Index Member Comment - August 3, 2012: Molycorp punished for buying Neo Material at the top
Molycorp Inc was pummeled on August 3, 2012 after revealing on August 2, 2012 that it will need to raise additional capital to complete development of its Mountain Pass rare earth facility. This surprise comes in the wake of the $1.3 billion takeover bid for Neo Material Technologies Inc at CAD $11.30 per share on June 11, 2012, of which 71% was paid for by cash and the rest by the issue of 0.122 Molycorp shares for each Neo share. The friendly takeover was announced on March 8, 2012 with a price of $11.30 to be paid with a combination of stock and shares, with Neo shareholders allowed to specify the mix. However, by the time the deal closed so many Neo shareholders had opted for cash that Molycorp had to enforce the cash payout limitation by pro-rating the payout on the basis of $8.05 cash plus 0.122 Molycorp shares. Despite the vote of non-confidence from Neo shareholders, I believe the merger is a strategic no-brainer in the long run because it marries Molycorp's Mountain Pass rare earth supply with Neo's downstream processing and fabrication business which will allow Molycorp to evolve into a critical metals powerhouse. Meanwhile, however, Molycorp may make it onto the 2012 Bottom-Fish Edition.
Molycorp's timing does not appear to have been as good as that of its shareholders, RCF, Pegasus and Traxys, who blew out nearly $1.4 billion worth of Molycorp stock at $50-$51 during February to June of 2011 through secondary offerings managed by Morgan Stanley and JP Morgan. This was at a time when China's export quota policy had sent FOB rare earth oxide prices into the stratosphere, and its industry consolidation and environmental cleanup strategy had unexpectedly, much to the dismay of China based manufacturers, pushed up domestic rare earth prices 5-10 times their averages for the past decade. At the time Mark Smith described the secondary offering as a just reward for these big risk takers who paid $1-$1.25 for their stock in 2008-2009 when their consortium outbid other groups for ownership of Mountain Pass which Chevron inherited when it was shanghaied by Congress to stop CNOOC from acquiring Unocal's foothold in southeast Asia, a region China sees as an extension of itself. I do not have a problem with this concept of selling cheap but initially risky stock at high prices when the market wants it, but I do think these founding shareholders, who as late as March 2010 told me they were not considering going public for at least several more years and had no interest in Neo, should have loaded Molycorp's treasury first before pocketing a windfall profit on such a large scale for which Chinese rare earth policy was entirely responsible while management's contribution prior to the IPO had been to petition the US government for handouts. I have significantly diminished respect for RCF as a result, one that will worsen if Molycorp ends up foundering, though I know that in certain other camps RCF is now viewed in high esteem.
The Q2 2012 financial report includes less than a month of Neo income, so these financials bordered on useless, but Mark Smith did warn that the deteriorating market for rare earth based products, linked to the global economic slowdown, would negatively impact cash flow during the rest of the year. It has been no secret that Molycorp bought out Neo at the top of the latter's business cycle, but the market's harsh reaction reflects Molycorp's indirect admission that it had counted on Neo's cash flow to provide the capital it needs to complete the Project Phoenix expansion to 40,000 tonnes of annual rare earth output. Project Phoenix was claimed to be fully funded last year, but it appears that Molycorp raided the cash earmarked for Project Phoenix in order to make up the cash portion of the Neo buyout not covered by the $650 million secured note sold in May 2012. The next shoe to drop will be news in early 2013 about how joyously Beijing embraced the arrival of Molycorp as the new owner of a major downstream fabricator of rare earth based products which, until Mountain Pass comes on stream, has been entirely reliant on the benevolence of Beijing. In my view, however, this has always been the price of repatriating Neo Materials, which transferred American technology to China during the late nineties, but did build a significant company whose subsequently developed brain trust can now seep back into America.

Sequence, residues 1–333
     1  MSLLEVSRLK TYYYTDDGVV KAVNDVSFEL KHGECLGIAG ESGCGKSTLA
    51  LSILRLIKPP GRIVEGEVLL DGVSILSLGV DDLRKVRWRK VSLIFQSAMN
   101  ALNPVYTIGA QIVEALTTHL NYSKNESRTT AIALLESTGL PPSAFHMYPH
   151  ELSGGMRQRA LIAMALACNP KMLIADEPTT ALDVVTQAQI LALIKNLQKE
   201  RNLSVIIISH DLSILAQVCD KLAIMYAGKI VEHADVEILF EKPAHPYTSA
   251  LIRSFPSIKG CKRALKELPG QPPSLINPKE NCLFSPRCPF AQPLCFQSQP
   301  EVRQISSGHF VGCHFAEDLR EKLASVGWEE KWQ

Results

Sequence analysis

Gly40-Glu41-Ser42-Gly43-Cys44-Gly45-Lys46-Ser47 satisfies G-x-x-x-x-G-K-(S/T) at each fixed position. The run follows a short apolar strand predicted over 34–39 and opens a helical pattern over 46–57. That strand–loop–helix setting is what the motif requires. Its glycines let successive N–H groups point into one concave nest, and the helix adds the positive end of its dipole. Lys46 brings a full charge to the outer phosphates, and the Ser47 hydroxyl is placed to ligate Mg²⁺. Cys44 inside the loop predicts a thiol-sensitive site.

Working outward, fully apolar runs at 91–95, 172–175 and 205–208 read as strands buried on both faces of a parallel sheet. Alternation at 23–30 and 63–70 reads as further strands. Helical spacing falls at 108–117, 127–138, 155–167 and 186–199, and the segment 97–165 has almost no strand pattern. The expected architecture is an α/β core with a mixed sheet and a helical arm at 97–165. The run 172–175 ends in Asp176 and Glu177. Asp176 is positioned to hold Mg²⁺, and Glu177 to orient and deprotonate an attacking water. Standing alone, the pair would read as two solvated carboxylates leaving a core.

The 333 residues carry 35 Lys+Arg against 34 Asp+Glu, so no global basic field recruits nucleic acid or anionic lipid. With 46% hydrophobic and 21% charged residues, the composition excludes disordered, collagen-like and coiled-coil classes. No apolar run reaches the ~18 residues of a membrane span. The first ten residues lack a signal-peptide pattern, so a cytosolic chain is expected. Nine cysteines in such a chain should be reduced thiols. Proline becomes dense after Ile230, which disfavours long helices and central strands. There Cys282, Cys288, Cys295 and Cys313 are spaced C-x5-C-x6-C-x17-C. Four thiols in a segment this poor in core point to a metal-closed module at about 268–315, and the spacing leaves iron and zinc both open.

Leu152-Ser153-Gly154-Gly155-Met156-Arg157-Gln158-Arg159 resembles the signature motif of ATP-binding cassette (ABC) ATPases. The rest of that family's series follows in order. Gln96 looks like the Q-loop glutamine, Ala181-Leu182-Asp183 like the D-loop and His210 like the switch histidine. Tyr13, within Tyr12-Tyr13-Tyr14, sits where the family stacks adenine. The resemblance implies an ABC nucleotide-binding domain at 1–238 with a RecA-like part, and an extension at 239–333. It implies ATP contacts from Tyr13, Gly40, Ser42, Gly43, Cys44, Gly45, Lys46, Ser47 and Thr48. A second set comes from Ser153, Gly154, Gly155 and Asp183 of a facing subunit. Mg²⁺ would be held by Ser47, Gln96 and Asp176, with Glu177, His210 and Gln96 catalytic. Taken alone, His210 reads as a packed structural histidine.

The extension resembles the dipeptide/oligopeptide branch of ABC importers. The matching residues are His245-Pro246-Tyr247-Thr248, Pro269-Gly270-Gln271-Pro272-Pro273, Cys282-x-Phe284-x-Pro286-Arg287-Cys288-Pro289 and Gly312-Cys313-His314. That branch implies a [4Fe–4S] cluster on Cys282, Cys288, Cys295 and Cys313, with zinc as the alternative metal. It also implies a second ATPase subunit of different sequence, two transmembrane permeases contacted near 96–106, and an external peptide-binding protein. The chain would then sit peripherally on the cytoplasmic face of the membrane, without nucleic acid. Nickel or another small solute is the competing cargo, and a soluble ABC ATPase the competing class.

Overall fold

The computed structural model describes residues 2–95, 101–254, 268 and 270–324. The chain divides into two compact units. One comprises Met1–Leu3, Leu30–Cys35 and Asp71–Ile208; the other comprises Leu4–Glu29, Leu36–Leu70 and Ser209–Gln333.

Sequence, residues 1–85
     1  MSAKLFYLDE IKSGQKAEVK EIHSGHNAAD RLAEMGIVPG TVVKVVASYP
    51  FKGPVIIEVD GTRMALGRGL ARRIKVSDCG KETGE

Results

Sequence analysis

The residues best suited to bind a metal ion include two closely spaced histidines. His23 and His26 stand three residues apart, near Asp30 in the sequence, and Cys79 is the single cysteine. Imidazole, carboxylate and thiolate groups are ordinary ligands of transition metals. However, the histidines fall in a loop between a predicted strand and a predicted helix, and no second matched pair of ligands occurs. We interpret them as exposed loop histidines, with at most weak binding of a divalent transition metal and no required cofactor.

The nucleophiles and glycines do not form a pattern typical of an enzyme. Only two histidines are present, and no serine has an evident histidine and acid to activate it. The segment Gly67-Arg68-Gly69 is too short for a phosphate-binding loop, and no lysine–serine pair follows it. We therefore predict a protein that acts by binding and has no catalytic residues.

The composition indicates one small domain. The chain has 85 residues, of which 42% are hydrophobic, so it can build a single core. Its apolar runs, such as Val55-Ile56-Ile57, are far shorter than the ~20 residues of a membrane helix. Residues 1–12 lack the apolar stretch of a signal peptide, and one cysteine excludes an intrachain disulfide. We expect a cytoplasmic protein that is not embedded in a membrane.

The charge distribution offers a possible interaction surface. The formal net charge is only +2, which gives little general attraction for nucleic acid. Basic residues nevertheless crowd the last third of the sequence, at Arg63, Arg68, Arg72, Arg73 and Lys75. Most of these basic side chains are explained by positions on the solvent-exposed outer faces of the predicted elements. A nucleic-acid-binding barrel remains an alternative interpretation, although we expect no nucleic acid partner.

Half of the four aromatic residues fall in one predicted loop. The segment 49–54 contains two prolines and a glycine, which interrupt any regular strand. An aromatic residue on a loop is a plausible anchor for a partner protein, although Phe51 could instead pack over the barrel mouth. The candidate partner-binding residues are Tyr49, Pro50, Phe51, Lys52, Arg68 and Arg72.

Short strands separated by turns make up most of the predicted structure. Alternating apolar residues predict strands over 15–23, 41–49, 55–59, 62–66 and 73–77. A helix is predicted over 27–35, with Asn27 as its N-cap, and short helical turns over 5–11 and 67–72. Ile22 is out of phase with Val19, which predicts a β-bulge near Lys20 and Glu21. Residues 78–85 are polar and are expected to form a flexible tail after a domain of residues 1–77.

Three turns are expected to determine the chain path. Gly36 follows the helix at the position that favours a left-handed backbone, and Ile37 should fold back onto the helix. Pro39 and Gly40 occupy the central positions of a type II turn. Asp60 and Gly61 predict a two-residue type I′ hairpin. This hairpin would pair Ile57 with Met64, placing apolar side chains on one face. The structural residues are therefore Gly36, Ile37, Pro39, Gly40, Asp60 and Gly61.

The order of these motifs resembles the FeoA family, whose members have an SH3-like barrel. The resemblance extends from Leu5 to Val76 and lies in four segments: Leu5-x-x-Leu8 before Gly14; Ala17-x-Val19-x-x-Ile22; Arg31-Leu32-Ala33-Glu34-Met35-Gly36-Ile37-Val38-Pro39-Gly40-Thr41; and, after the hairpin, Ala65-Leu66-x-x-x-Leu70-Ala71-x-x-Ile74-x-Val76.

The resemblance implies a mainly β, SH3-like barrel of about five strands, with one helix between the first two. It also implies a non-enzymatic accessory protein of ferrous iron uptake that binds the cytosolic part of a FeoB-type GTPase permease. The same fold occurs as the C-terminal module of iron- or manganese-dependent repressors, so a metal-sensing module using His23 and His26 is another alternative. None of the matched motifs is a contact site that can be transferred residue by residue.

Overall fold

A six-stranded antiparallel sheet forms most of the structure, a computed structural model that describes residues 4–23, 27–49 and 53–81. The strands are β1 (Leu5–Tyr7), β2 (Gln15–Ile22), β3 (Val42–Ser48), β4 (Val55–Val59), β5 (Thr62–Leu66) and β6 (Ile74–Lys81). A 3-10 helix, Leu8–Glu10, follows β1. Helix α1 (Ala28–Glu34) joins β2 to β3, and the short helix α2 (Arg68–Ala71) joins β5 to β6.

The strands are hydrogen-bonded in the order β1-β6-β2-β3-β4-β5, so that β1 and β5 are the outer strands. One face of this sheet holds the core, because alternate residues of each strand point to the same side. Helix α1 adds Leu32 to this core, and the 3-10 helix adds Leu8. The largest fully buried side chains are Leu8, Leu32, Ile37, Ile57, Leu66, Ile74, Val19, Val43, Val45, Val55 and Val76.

Some of the market backlash has to be a vindictive reaction to the rare earth pricing assumptions used by research analysts to facilitate the blow-off by Molycorp insiders last year. At Kaiser Research Online we treated FOB prices as a joke, marveling at the outlandish NPV per share prices generated when we plugged them into the discounted cash flow models for major rare earth projects, and focused our attention on what would become the new long term reality for domestic rare earth prices once the supply squeeze subsided. We knew they would be lower than the peaks during July-August 2011, and figured the new reality would be 2-4 times the historical averages just as had happened to base metals such as copper, nickel and molybdenum. The composite chart above shows that for both the FOB and domestic prices their three year averages are now near the spot price, with a crossover taking place over the next year just as it did for copper and nickel. Price trackers such as Metal-Pages continue to report soft demand as end-users resist restocking in the face of a global economic slowdown led by Europe, and play a waiting game to see how low producers will allow their offers to drop. However, unless the Chinese enforcement of environmental standards and the consolidation of producers and processors into a much smaller group are pure media fabrications, we are very likely at a bottom for domestic rare earth prices. And if this bottom is not already in place, I suspect that Chinese strategic stockpiling plans will soon enough build a floor at current levels.